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Moody’s warns of CHF moral hazard

Ratings agency Moody’s warned on Monday that the forced conversion of Swiss franc mortgages would cost the banks at least €250 million, create a ‘moral hazard’ and make the restructuring of NPLs more challenging.

Moody's CHF moral hazardFORCED conversion of Swiss franc mortgages would create a moral hazard and make restructuring of non-performing loans (NPLs) more challenging, Moody’s ratings agency said on Monday.

According to a Central Bank report submitted in parliament, conversion of these mortgage loans to euros at the proposed rates, would cost Cypriot banks €250mln in losses.

“But the bigger credit negative is the moral hazard that the proposal creates among borrowers of the much larger amount outstanding of euro-denominated mortgages,” the agency said.

The proposal makes the banks’ restructuring of their high stock of NPLs more challenging as it would encourage all mortgage borrowers to delay loan restructuring in hope of more debt relief.

It would also delay the recovery of Cypriot banks’ profitability since they would likely continue to be loss-making for a fifth consecutive year, Moody’s said.

Cypriot banks face a large stock of problem loans, with the ratio of NPLs to gross loans as of June 2015 at 52.7 per cent for Bank of Cyprus and 54.9 per cent for Hellenic Bank

The Bank of Cyprus, with a €1 billion portfolio of Swiss franc loans, has the highest exposure among banks operating in the country.

Bank of Cyprus would face losses of around €147 million and Hellenic Bank around €11 million

Given the relatively high median net wealth of individuals, which was €266,900 in 2010 – the latest data available -, according to the European Central Bank, and the high savings rate in the country averaging 19.7 per cent before the financial crisis, “we believe 10 per cent to 20 per cent of delinquent small and midsize enterprise and retail borrowers are strategic defaulters that have the capacity to repay but opt not to do so.”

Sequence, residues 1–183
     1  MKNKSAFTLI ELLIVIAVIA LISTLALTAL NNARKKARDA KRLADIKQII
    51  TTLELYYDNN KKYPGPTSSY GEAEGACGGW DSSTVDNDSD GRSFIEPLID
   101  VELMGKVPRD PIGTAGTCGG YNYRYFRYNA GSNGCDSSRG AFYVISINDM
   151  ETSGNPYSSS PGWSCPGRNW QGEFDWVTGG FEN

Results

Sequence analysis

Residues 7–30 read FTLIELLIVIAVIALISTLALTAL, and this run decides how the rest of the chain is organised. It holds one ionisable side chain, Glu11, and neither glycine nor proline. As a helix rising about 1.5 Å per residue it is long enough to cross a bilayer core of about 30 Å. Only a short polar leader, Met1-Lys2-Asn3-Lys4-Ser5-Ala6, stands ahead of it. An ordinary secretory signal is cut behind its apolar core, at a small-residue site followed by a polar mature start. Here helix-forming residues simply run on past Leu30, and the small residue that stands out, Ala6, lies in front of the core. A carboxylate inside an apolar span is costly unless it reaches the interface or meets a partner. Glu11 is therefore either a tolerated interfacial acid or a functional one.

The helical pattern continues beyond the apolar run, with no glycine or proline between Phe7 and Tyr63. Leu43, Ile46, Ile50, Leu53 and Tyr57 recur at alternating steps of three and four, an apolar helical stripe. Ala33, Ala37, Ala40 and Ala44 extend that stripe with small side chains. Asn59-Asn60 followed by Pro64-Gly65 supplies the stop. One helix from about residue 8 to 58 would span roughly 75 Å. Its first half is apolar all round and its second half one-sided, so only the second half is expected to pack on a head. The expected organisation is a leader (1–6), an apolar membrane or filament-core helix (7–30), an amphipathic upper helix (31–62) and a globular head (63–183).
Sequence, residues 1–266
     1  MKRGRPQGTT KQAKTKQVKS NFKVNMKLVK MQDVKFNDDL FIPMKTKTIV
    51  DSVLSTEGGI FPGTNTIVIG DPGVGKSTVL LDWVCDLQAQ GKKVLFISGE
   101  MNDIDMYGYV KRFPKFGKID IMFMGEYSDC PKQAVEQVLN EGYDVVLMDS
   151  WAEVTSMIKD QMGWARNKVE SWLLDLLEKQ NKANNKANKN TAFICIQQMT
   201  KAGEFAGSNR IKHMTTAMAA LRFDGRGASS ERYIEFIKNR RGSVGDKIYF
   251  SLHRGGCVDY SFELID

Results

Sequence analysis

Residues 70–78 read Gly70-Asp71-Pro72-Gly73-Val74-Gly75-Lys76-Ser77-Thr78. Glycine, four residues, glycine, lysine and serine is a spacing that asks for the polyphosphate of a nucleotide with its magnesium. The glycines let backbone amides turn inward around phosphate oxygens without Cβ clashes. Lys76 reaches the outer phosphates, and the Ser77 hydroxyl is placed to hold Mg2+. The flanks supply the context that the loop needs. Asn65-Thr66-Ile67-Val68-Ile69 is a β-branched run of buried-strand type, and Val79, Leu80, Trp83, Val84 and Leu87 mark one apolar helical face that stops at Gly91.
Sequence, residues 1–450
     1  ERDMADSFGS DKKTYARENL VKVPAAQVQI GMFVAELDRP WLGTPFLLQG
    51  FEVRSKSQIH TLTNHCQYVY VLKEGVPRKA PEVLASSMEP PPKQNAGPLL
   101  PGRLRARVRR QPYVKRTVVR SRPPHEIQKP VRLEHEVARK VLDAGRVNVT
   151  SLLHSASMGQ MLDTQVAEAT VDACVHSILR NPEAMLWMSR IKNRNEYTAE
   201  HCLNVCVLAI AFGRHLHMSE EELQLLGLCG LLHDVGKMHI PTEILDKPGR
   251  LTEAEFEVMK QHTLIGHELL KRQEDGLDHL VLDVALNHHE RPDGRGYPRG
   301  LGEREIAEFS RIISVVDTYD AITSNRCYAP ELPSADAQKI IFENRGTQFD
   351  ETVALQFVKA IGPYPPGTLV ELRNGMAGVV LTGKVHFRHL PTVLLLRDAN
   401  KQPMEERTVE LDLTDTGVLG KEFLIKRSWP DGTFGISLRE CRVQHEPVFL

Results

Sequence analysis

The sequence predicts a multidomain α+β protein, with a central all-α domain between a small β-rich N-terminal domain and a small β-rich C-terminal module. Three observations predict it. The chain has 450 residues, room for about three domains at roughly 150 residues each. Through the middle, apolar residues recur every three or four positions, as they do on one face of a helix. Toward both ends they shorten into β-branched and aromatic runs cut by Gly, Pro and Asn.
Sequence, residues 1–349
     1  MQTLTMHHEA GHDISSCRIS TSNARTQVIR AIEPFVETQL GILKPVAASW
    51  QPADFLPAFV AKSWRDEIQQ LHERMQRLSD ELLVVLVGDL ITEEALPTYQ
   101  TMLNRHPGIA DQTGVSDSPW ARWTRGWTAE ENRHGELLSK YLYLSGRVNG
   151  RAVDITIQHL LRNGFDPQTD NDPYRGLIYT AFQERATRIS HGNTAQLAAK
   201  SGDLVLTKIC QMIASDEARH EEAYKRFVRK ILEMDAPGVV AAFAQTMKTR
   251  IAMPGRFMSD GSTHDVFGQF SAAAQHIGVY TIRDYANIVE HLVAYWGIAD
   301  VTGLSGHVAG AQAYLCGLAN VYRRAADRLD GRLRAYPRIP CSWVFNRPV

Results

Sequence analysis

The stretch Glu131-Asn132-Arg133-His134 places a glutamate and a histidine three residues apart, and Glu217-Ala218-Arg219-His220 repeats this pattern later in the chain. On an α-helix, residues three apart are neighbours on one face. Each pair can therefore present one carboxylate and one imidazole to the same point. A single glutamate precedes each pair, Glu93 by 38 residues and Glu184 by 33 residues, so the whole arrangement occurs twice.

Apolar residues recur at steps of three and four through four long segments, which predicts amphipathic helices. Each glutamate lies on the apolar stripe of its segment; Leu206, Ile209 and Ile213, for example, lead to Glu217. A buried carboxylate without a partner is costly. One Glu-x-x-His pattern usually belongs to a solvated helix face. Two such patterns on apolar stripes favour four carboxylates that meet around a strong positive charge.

The banks’ progress in restructuring NPLs has been slow, and although Moody’s expects that the recently amended legal framework expediting auctions of foreclosed assets will support banks’ restructuring efforts, the framework has not been tested yet.

Readers' comments

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  • Stnicolas says:

    So who is expected to bear the cost of all the mis-sold mortgages in Cyprus then? Oh! I know the banks clients who were mis-sold the loans in the first place.

  • AJWC says:

    So this latest transaction shows the bank of Cyprus can easily afford to amend its fault!

    Makes Moody’s statement look pathetic.

    BoC reduces dependence on ELA

    (Editor’s comment: The banks are still having massive problems with NPLs – here are the latest figures:

    .)

  • Charles Stevens says:

    Given that Cypriot Banks failed to comply with EU law the courts will eventually have to force this outcome on them as has happened in other jurisdictions.

    The choice the banks have is to accept the inevitable now or add further legal costs and damages claims to the consequences of their self inflicted moral hazard.

  • Makis says:

    ..and the lie goes on and on. How exactly will the banks face such a loss? They throw a number (i.e. 250 million) and expect us to believe it?

    I totally agree with Gary’s comments but the thing is, I don’t believe that the banks will have any losses if they convert the loans. It is impossible for them to have a loss!

    They – have – secured – their – loan – instalments – and – already – pay – at – the – rate – that – was – applicable – when – they – have – taken – the – loan.

    The banks, will just lose their double profit. They profit from the interest (bank’s profit margin) and they profit from the difference of the exchange rate that they receive and the exchange rate that they pay, which is ILLEGAL.

    I don’t care if they assumed they will be receiving this EXTRA ILLEGAL profit indefinitely. It’s not a loss. Their profit will just be the normal and legal profit that the banks should receive.

    Just think of a simple example for Christ’s sake: